And then, there’s Anne. Watching this series while I’m in the midst of a Fushigi Yugi reread continues to draw out a lot of contrasts and show just how far trans representation has come in anime. Anne isn’t trans because they’re traumatized or in denial of their masculinity or anything. Rather, their trauma stems from their mother denying their identity and forcing them into a more masculine presentation. Now that they’re an adult on their own, they seem to be nothing short of euphoric in their feminine presentation, and it’s nice to see them living their truth.
Spoilers: Contains discussion of episode 4.
Alex: The title of this one tells no lies: the boss is still goofy, and the show overall remains beautifully silly and sweet. The most exciting thing to note for our purposes here is the casual introduction of an explicitly queer character to the main cast. Out for after-work drinks in Episode 4, the conversation turns to romance, and someone asks the new employee Kinjo what his “type” is. Easy as blinking, he replies that he doesn’t really have a specific kind of partner in mind: “As long as they’re cute on the inside, I can go for older or younger, male or female.”
There’s a quick aside where protagonist Momose thinks “He just said something mind-blowing like it was nothing!” but otherwise there’s no comment on this chilled-out admission of bisexuality. It’s not treated with shock or scandal, nor is it presented as a joke (the joke of the scene, as always, is that the boss is a goofy disaster of a man). Kinjo is one of the four main characters on all the promo material, too, so it’s not as if he’s a random person we’re never going to see again.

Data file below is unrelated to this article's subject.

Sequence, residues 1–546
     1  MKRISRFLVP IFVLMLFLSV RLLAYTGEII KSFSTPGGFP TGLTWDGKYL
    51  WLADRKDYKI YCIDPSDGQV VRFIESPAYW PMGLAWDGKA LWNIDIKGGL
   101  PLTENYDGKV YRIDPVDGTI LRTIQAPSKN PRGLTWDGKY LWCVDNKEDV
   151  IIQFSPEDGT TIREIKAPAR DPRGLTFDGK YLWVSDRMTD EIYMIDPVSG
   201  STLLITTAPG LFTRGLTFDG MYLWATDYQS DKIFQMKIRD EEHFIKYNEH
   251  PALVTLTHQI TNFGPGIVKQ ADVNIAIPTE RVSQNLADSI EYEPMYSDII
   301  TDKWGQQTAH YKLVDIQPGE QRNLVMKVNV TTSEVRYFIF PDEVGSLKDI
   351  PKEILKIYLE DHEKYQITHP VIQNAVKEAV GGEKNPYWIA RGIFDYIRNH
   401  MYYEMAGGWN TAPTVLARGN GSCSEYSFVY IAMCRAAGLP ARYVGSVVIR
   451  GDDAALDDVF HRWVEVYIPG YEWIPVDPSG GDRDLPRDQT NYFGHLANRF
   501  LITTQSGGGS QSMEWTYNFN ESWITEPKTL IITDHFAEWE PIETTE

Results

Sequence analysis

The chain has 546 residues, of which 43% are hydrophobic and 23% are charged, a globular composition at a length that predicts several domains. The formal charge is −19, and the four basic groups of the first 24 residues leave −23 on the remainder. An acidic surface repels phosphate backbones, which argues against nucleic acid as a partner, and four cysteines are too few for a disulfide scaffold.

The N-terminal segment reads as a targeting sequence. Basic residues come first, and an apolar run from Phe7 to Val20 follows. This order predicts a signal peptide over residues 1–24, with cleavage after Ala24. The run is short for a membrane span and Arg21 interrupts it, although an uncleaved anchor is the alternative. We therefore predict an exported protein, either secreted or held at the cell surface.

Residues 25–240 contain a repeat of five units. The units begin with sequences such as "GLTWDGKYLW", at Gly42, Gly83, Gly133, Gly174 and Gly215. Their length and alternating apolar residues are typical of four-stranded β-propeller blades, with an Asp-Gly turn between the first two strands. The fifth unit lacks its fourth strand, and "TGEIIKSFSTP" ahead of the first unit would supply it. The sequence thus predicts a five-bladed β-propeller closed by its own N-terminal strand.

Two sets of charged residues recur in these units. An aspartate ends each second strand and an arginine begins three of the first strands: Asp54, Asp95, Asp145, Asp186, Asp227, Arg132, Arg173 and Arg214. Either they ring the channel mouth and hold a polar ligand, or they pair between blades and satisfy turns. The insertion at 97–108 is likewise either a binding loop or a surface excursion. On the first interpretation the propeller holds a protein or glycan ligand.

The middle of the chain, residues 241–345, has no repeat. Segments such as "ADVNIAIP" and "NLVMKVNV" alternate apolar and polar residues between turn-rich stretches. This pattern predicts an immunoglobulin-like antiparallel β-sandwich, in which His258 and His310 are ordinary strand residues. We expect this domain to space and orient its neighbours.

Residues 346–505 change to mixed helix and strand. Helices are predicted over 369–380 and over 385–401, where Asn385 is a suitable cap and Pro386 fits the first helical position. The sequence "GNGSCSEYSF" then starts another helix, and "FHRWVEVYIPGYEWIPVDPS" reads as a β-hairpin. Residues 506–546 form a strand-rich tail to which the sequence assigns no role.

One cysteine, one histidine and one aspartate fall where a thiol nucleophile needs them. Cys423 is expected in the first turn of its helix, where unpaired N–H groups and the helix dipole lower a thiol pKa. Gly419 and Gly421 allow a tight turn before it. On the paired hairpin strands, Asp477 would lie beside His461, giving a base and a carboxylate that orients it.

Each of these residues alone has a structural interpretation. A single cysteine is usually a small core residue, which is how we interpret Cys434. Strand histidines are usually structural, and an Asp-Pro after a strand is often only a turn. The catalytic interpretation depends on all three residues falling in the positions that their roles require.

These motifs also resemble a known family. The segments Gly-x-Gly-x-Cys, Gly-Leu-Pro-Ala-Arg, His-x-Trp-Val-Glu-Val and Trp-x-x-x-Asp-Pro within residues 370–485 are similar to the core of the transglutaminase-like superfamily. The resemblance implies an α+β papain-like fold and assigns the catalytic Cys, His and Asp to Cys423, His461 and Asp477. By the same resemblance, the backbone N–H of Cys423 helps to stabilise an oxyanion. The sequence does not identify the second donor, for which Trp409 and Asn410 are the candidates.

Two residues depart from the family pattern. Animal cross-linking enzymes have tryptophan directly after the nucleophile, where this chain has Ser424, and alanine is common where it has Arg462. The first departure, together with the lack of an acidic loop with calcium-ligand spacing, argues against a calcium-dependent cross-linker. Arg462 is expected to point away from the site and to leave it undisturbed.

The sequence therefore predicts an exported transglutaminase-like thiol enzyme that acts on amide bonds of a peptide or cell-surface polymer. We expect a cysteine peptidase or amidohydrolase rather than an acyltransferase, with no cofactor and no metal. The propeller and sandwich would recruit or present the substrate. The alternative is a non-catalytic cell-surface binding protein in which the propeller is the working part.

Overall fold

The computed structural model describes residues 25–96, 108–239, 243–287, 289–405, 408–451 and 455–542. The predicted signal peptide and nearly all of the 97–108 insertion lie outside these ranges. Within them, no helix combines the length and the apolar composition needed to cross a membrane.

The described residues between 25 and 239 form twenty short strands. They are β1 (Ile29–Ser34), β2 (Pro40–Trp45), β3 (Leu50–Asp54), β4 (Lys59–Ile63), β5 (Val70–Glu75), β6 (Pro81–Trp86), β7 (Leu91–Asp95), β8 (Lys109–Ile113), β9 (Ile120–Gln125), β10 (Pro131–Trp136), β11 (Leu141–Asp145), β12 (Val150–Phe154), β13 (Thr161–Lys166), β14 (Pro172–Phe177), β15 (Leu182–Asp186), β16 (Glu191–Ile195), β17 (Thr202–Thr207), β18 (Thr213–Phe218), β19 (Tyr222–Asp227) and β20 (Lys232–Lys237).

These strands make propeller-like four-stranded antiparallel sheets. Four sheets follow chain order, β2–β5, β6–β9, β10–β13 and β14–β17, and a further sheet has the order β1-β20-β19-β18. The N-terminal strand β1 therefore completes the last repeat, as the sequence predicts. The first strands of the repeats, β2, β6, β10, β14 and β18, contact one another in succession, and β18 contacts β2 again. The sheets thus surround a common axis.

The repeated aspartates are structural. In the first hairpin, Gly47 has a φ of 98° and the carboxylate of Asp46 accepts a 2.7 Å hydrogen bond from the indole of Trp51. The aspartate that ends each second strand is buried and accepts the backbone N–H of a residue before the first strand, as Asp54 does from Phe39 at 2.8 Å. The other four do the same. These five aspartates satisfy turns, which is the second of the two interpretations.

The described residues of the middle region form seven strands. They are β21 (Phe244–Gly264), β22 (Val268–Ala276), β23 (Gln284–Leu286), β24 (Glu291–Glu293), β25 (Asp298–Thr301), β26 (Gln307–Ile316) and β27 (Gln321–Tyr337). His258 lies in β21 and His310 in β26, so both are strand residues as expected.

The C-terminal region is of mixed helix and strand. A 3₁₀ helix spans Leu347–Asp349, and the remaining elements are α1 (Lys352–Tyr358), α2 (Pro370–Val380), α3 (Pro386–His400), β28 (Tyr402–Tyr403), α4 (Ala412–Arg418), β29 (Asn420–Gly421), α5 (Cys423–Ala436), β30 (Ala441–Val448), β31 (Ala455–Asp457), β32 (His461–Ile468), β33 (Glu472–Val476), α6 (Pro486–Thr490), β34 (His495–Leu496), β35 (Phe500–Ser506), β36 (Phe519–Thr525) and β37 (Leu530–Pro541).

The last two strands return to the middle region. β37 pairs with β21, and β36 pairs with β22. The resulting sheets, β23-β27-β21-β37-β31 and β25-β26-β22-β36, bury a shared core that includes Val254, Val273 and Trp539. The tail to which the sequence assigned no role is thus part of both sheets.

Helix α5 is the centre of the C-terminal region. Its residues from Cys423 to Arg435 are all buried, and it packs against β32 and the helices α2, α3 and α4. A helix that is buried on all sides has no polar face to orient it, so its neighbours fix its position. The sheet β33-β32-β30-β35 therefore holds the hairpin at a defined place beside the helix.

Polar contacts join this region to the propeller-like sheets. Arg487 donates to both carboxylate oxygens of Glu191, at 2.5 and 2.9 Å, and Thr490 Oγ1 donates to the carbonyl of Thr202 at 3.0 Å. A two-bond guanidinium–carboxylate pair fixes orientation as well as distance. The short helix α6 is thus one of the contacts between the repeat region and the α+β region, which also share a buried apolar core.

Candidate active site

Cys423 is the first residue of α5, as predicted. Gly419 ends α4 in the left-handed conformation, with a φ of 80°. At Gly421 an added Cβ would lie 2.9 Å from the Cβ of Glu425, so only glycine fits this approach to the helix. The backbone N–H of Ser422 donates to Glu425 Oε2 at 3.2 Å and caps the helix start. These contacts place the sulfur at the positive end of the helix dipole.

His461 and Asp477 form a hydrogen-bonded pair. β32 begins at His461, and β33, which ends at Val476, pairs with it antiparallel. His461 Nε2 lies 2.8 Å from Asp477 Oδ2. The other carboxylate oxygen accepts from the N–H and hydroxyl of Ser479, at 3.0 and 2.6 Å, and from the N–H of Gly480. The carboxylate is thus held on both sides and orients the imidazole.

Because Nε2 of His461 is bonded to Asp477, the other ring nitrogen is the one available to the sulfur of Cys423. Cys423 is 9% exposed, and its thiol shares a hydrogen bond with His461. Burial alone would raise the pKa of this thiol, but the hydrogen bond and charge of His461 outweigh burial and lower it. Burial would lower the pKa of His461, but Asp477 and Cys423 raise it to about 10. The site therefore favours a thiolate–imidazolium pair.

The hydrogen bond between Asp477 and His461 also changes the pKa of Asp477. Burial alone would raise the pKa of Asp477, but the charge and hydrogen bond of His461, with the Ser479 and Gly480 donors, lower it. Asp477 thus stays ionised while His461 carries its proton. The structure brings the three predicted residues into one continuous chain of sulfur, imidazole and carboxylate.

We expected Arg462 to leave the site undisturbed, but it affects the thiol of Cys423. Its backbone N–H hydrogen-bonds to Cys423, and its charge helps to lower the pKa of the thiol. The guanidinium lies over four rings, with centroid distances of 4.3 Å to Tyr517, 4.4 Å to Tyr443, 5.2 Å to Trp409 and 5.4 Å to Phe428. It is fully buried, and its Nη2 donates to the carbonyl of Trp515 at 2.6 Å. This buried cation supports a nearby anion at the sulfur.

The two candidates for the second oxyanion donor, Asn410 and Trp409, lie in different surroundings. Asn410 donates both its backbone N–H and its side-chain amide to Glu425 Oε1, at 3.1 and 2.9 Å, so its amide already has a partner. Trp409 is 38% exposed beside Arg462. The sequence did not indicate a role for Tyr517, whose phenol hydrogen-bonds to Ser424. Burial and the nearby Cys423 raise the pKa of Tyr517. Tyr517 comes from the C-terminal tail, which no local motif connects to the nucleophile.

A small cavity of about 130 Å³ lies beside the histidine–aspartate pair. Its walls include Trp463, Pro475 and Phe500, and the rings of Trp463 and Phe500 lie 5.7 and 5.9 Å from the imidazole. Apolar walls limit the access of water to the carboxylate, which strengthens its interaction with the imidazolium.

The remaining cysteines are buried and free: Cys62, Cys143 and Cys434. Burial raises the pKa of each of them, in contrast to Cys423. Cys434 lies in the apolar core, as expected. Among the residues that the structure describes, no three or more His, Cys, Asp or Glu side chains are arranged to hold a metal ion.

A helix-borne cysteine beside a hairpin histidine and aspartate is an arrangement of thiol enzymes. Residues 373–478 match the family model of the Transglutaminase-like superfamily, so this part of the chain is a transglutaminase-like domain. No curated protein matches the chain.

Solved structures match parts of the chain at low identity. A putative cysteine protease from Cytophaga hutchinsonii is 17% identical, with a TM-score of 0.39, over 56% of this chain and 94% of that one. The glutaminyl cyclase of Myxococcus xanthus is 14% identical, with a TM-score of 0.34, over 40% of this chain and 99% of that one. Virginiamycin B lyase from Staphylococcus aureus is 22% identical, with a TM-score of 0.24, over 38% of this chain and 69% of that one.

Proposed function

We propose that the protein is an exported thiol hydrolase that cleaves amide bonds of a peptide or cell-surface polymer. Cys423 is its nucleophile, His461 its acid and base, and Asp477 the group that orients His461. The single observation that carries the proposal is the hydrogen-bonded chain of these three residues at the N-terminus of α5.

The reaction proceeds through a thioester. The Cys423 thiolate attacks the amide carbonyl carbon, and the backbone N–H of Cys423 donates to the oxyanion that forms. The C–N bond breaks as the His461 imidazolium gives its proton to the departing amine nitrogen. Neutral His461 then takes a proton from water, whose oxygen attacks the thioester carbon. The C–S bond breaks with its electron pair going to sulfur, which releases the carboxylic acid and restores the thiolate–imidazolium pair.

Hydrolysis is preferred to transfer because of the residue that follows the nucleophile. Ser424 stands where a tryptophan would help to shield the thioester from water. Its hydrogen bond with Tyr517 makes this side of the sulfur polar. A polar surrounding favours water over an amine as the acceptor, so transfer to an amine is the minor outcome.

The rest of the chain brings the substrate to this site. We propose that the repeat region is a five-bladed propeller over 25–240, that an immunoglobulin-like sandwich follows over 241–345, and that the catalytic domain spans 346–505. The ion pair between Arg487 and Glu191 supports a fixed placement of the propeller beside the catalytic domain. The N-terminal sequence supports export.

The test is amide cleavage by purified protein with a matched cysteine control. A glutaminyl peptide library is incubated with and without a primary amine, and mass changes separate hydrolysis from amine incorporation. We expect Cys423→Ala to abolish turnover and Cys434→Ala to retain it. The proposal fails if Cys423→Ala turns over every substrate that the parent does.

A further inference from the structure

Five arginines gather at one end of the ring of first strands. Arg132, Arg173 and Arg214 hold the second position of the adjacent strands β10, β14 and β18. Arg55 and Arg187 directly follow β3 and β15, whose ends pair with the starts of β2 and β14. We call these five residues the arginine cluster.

Maybe it doesn’t sound like much in the grand scheme of things, but it’s nice, especially given Toni’s initial concern that this was going to be an endless parade of M/M ship-teasing with no actual queer payoff. I can’t and won’t make any promises about this turning into a full-fledged romance between our anxious hero and his adorable boss, but hey, the narrative has taken the time to textually include men who like other men in its world, and that’s cool. In a similar vein, you’re probably not going to find deep critiques of the more systemic issues with corporate culture here, but the show is still a soothing balm and a fluffy escapist fantasy for anyone who’s ever been stuck in a stressful job.